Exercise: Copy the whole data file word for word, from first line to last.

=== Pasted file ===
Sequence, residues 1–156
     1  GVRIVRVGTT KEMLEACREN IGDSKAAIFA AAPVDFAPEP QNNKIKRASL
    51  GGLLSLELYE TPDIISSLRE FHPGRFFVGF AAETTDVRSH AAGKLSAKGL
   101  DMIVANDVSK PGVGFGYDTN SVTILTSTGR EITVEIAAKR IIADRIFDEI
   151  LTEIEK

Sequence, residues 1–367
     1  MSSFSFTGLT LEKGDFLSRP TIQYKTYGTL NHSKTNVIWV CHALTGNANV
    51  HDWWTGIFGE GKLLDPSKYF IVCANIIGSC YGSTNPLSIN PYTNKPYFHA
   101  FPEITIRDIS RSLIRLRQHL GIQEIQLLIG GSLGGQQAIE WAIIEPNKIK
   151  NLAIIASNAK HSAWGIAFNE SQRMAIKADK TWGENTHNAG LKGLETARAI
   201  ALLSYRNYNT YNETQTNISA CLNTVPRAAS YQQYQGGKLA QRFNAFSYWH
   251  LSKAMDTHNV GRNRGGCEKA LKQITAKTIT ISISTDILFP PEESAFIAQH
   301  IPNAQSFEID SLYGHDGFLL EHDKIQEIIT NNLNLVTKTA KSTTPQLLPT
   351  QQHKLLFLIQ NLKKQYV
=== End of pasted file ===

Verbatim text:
Sequence, residues 1–156
     1  GVRIVRVGTT KEMLEACREN IGDSKAAIFA AAPVDFAPEP QNNKIKRASL
    51  GGLLSLELYE TPDIISSLRE FHPGRFFVGF AAETTDVRSH AAGKLSAKGL
   101  DMIVANDVSK PGVGFGYDTN SVTILTSTGR EITVEIAAKR IIADRIFDEI
   151  LTEIEK

Sequence, residues 1–367
     1  MSSFSFTGLT LEKGDFLSRP TIQYKTYGTL NHSKTNVIWV CHALTGNANV
    51  HDWWTGIFGE GKLLDPSKYF IVCANIIGSC YGSTNPLSIN PYTNKPYFHA
   101  FPEITIRDIS RSLIRLRQHL GIQEIQLLIG GSLGGQQAIE WAIIEPNKIK
   151  NLAIIASNAK HSAWGIAFNE SQRMAIKADK TWGENTHNAG LKGLETARAI
   201  ALLSYRNYNT YNETQTNISA CLNTVPRAAS YQQYQGGKLA QRFNAFSYWH
   251  LSKAMDTHNV GRNRGGCEKA LKQITAKTIT ISISTDILFP PEESAFIAQH
   301  IPNAQSFEID SLYGHDGFLL EHDKIQEIIT NNLNLVTKTA KSTTPQLLPT
   351  QQHKLLFLIQ NLKKQYV